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The importance of identifying lower and upper limb lameness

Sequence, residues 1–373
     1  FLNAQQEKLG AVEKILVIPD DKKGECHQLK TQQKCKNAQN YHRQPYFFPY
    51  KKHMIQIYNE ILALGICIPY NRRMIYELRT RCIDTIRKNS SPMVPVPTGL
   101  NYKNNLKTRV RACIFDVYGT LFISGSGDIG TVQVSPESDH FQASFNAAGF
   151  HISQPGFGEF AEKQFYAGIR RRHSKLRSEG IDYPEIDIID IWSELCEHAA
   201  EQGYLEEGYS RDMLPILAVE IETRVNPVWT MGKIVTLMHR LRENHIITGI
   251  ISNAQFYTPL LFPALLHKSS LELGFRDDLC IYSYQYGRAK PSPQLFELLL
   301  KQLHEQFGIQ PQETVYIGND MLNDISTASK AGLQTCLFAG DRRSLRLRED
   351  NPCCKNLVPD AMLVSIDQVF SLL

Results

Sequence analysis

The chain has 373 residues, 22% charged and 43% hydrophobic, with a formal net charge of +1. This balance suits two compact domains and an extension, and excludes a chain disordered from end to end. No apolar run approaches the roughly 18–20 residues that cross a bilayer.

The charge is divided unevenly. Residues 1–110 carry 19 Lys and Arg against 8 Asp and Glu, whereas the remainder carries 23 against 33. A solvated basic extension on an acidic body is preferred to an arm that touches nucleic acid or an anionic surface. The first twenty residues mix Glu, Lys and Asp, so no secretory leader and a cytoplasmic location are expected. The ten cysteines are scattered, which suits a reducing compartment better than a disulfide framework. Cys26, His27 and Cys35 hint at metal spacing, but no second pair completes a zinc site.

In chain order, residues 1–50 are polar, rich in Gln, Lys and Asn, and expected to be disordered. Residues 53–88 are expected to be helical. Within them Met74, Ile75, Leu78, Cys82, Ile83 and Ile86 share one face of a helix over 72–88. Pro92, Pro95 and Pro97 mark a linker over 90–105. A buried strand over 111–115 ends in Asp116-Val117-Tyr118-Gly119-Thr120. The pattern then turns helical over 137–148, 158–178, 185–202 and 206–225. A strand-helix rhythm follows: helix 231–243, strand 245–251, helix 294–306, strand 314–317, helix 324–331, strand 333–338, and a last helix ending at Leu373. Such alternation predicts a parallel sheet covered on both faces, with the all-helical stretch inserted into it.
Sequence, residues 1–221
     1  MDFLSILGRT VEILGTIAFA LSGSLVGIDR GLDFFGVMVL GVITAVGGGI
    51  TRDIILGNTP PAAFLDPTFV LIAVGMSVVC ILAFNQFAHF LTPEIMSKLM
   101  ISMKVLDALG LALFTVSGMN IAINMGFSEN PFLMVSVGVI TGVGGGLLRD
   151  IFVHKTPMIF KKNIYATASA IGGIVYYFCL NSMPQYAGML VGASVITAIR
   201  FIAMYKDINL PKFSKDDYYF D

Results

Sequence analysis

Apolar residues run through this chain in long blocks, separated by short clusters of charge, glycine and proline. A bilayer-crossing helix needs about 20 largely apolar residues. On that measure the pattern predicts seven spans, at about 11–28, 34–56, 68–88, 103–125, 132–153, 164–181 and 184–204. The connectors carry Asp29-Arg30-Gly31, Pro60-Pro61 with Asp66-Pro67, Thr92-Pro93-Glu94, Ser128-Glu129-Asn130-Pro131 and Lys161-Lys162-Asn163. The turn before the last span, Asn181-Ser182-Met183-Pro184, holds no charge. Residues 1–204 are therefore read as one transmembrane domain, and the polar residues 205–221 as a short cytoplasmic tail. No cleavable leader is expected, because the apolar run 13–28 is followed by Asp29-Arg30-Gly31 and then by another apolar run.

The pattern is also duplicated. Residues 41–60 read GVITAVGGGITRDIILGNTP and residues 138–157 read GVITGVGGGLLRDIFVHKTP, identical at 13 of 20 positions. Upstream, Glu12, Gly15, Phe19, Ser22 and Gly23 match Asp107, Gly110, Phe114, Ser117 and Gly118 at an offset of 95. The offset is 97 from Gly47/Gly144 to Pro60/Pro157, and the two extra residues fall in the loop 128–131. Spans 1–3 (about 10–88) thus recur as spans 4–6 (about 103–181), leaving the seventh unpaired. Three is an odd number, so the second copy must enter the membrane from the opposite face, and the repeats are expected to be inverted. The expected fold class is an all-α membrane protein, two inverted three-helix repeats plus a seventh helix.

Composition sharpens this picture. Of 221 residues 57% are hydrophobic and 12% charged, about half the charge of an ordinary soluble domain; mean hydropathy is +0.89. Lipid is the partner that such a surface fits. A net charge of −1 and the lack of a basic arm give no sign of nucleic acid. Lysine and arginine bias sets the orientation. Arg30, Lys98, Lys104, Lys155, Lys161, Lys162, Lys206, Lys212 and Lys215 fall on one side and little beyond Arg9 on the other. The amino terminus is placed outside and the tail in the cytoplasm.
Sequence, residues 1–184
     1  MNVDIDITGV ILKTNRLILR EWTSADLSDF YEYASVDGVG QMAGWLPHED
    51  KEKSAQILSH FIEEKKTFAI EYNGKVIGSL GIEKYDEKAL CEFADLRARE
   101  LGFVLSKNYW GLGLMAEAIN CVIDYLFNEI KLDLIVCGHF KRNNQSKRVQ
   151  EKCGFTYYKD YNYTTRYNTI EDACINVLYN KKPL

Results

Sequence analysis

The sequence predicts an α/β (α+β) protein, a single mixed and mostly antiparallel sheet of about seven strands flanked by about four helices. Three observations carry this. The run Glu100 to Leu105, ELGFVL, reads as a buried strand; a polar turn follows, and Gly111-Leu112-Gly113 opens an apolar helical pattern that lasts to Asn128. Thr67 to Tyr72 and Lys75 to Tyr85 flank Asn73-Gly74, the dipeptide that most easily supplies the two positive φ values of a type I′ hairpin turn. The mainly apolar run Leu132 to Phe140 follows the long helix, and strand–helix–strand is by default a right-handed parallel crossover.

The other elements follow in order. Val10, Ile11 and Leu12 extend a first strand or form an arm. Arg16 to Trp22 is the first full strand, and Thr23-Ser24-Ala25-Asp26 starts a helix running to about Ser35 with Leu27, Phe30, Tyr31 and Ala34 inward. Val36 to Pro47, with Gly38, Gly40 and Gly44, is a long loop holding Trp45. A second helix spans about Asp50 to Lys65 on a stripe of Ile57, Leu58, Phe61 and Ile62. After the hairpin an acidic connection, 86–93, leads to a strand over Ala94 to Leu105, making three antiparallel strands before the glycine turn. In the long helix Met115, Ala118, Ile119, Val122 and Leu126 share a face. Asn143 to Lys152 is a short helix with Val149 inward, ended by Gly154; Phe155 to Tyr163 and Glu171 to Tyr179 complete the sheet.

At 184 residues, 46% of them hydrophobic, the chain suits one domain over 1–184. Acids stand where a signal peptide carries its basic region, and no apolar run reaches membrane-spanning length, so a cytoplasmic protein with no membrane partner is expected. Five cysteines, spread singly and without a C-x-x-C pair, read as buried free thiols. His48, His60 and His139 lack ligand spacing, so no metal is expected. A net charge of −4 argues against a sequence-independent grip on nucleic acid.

VETERINARYWeb Master